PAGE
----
111 Matching Annotations
  1. Mar 2020
  2. Dec 2019
  3. Nov 2019
    1. Null Components should never have children - they'd never be rendered.
    2. Aligning closely with the <Injector_ > naming convention, Null Components are denoted with a prefix and postfix _ (e.g. <_NullComponent_ />).
    3. The idea is that the additional prefix _ of a Null Component symbolizes that it adds even less to the DOM than an Injector. I picture the name falling through to become just the _, like the unused argument convention in javascript functions: const handleEvent = (_, id) => { console.log(id) } .
    1. However, in this case you would lose the possibility to render something in between. You are strictly coupled to the higher-order component's render method. If you need to add something in between of the currency components, you would have to do it in the higher-order component. It would be quite similar as you have done it previously by rendering the currency components straight away in the Amount component. If using a render prop component instead, you would be flexible in your composition.
    2. For the sake of completeness, the following code demonstrates that the problem could be solved with a higher-order component (HOC) as well:
    1. The terms “controlled” and “uncontrolled” usually refer to form inputs, but they can also describe where any component’s data lives. Data passed in as props can be thought of as controlled (because the parent component controls that data). Data that exists only in internal state can be thought of as uncontrolled (because the parent can’t directly change it).
    1. So the main thing this gives us is a way to set indeterminate property of input via an indeterminate property?

      This is misnamed. Doesn't actually give us a tri-state checkbox. Just a binary checkbox.

    1. input.indeterminate = indeterminate

      So the main thing this gives us is a way to set indeterminate property of input via an indeterminate property?

      Not sure how that supposedly gives us a tri-state checkbox.

    1. 3. Deployment as Memory Management

      The entire chapter 3 is worth reading. Great resource on what a package (or more broadly, a component) is in regards to Nix.

      Specifically "3.1 What is a component?"

  4. Oct 2019
    1. However, if more control is needed, you can pass any of these pieces of state as a prop (as indicated above) and that state becomes controlled. As soon as this.props[statePropKey] !== undefined, internally, downshift will determine its state based on your prop's value rather than its own internal state.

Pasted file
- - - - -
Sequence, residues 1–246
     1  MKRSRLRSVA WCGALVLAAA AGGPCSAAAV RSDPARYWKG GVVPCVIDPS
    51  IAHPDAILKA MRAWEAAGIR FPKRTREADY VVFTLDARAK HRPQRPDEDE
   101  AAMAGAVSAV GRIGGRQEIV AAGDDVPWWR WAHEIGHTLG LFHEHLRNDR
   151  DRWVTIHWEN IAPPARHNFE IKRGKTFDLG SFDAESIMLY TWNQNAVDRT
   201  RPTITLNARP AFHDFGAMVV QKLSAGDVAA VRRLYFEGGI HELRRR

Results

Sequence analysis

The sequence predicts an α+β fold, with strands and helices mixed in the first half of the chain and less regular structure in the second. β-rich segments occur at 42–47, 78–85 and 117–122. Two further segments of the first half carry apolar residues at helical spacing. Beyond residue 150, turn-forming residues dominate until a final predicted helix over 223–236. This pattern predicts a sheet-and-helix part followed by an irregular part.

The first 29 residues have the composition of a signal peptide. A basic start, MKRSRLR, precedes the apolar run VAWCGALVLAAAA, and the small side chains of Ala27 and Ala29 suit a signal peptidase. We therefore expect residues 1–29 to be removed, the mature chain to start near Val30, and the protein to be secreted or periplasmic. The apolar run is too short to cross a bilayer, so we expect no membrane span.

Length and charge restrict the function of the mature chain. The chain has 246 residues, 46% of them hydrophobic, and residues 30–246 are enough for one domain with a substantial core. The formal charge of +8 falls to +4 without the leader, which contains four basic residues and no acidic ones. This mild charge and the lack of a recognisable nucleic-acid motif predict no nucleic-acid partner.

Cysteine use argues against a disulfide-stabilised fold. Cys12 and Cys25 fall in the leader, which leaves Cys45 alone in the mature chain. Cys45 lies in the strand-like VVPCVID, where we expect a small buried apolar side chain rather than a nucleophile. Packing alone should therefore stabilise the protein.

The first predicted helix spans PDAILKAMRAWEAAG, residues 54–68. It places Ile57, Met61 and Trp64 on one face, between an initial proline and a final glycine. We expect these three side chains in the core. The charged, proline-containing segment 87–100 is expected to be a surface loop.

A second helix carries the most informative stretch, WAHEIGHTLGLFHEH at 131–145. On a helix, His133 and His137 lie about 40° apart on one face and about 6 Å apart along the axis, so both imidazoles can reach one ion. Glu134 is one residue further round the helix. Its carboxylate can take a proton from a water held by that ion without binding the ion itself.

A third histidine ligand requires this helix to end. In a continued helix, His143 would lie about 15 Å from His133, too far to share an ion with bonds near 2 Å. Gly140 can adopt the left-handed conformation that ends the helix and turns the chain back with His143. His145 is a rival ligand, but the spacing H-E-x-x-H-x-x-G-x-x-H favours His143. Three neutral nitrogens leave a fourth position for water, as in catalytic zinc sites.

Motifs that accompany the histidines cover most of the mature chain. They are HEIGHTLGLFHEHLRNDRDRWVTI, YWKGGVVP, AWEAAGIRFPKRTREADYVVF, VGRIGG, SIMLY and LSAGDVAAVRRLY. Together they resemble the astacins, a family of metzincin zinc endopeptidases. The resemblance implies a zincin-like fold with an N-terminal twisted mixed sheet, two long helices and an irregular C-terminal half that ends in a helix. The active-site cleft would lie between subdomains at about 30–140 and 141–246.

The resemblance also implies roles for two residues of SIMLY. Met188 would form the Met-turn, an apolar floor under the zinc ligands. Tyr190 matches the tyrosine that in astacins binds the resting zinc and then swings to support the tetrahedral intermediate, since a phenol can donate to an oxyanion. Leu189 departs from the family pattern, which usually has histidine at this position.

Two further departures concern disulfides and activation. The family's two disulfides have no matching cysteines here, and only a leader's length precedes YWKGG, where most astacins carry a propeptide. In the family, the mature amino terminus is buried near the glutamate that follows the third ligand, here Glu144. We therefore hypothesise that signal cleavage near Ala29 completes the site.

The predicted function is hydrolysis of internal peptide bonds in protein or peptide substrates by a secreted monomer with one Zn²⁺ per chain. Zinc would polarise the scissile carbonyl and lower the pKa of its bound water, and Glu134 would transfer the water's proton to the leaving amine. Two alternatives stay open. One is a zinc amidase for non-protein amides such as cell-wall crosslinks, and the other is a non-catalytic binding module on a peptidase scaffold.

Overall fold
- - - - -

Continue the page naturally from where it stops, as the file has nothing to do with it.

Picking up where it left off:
1. We've extracted some key features into separate HOCs to keep the main library as small as possible
  5. Sep 2019
    1. You can control the following props by providing values for them. If you don't, react-select will manage them for you. value / onChange - specify the current value of the control menuIsOpen / onMenuOpen / onMenuClose - control whether the menu is open inputValue / onInputChange - control the value of the search input (changing this will update the available options) If you don't provide these props, you can set the initial value of the state they control: defaultValue - set the initial value of the control defaultMenuIsOpen - set the initial open value of the menu defaultInputValue - set the initial value of the search input

      Example of having props for both ways: value or defaultValue, depending on whether you want it to be controlled or not.

  6. Aug 2019
  7. Jan 2014
    1. A key component of data management is the comprehensive description of the data and contextual information that future researchers need to understand and use the data. This description is particularly important because the natural tendency is for the information content of a data set or database to undergo entropy over time (i.e. data entropy ), ultimately becoming meaningless to scientists and others [ 2 ].

      I agree with the key component mentioned here, but I feel the term data entropy is an unhelpful crutch.